A strongly negative public reaction to the incident, captured on television and seen by a national audience, showed that Marylanders were becoming less forgiving of the octogenarian comptroller's antics. After several days of stubbornly defending his actions, Mr. Schaefer sent the embarrassed young woman a vaguely worded, handwritten letter half-apologizing for his behavior.
While Mr. Schaefer continued to be personally supportive of Mr. Ehrlich, he remained stubbornly independent. He openly questioned the governor's handling of the Port of Baltimore and opposed him on some contract awards.
On one occasion in March 2006, Mr. Schaefer launched into a tirade over rising electric rates in which he called Mr. Ehrlich about the vilest name in his lexicon: "Glendening Junior."
The next month Mr. Schaefer complimented Mr. Ehrlich's handling of the issue and publicly apologized to the governor for calling him a "bad name."
"That's one of my idiosyncrasies," Mr. Schaefer said.
Ms. Kopp said there were times when she wanted to shake Mr. Schaefer and demand to know why he was acting the way he did. But she said he was also a mentor and loyal friend.
"He was one of the kindest and most supportive people I've dealt with in Annapolis," she said. "I know that's not his image, but it's the truth."
By the time he was approaching his last campaign, polls showed Mr. Schaefer's popularity on the wane among Democratic voters. The seeming vulnerability emboldened Del. Peter Franchot, an energetic and highly partisan Democrat from Montgomery County, to launch a primary challenge. Janet S. Owens, the Anne Arundel county executive, would also jump into the race.
Mr. Schaefer's last campaign was a strange, barely visible ramble marked by sparsely attended events and little interaction with the news media.
Late in the campaign, with his political peril becoming clear, he released a radio commercial halfheartedly apologizing if his remarks had offended anyone. But he almost immediately undercut his own words by launching an attack on Ms. Owens' physical appearance, deriding her as "Mother Hubbard" and calling her fat.
As Mr. Schaefer and Ms. Owens exchanged bitter words, Mr. Franchot mobilized liberal-leaning Democratic activists, garnered key newspaper endorsements and managed a narrow victory over Ms. Owens.
Mr. Schaefer finished third, with just under 30 percent of the vote.
At a news conference after his defeat, Mr. Schaefer was gracious toward Mr. Franchot — saying that the best man had won — but continued to snipe at Ms. Owens and rail against the news media. Defiant to the last, he threatened to jump into a race for mayor of Ocean City.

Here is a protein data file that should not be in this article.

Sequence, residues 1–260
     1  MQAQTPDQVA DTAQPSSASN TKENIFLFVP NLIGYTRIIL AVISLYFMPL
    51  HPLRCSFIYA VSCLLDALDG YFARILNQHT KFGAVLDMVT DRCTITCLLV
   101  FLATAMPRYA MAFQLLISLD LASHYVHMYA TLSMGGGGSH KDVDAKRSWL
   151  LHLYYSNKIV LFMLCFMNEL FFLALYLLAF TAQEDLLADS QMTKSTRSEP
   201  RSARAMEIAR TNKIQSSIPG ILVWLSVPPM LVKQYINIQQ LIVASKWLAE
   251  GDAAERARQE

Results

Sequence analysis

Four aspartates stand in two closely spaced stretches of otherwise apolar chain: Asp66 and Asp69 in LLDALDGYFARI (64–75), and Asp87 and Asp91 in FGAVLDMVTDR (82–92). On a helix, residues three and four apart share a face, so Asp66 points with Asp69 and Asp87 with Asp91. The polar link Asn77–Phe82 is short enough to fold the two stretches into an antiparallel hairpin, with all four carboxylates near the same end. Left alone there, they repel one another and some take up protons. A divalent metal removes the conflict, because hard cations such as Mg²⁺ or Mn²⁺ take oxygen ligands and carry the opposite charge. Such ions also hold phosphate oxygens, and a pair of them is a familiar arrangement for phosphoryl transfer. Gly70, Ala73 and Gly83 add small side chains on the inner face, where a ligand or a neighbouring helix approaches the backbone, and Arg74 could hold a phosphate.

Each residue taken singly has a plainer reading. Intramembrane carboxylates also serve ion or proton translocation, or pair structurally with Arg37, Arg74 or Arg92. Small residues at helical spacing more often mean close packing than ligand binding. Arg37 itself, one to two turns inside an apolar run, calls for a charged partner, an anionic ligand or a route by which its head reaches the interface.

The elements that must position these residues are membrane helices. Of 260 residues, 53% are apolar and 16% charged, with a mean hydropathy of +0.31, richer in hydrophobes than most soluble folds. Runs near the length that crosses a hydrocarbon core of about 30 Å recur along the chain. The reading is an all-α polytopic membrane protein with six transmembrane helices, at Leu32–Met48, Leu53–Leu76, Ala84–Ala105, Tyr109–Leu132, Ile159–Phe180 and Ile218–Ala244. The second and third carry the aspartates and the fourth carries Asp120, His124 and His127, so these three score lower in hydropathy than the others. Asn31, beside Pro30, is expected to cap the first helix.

In April 2008, Ms. LeBow-Sachs engineered Mr. Schaefer's move to Charlestown after the former governor injured himself in a fall.
Mr. Schaefer did not go gently. The first time movers showed up at his Pasadena townhouse, he shooed them away. But Ms. LeBow-Sachs, who at one point had Mr. Schaefer's power of attorney, persisted — taking her former boss out to lunch while the movers emptied the townhouse and moved his possessions into a sixth-floor Charlestown apartment with a view of the Baltimore skyline.
In late 2009, Baltimore unveiled a 7-foot-2-inch bronze statue of Mr. Schaefer on the west shore of the Inner Harbor.
At his news conference after his 2006 defeat, Mr. Schaefer told reporters he had no regrets: "Wherever I go in the state or wherever I go in the city, I've got things I can look at and throw my chest out."
He said that when he died he wanted to be interred in a mausoleum next to Mrs. Snoops, with the simple inscription: "He cared."
Ms. LeBow-Sachs said Mr. Schaefer was "one of a kind."
"I do not think we will ever see anyone like him again," she said.
Mr. Schaefer has no survivors.
Michael Golden, Mr. Schaefer's longtime spokesman, said the former governor will lie in state at the State House from 10 a.m. to 2 p.m. Monday. Mr. Golden said Mr. Schaefer will then be taken on a final "tour" of Baltimore before lying in state at City Hall on Monday evening and April 26.
Mr. Golden said services will be held April 27, at Old St. Paul's Church downtown, with interment to follow at Dulaney Valley Gardens. He said additional details will be announced Tuesday.
Baltimore Sun reporters Annie Linskey, Julie Scharper and John Fritze contributed to this article.
A source in the preparation of this obituary was C. Fraser Smith's book "William Donald Schaefer: A Political Biography" (1999, The Johns Hopkins University Press).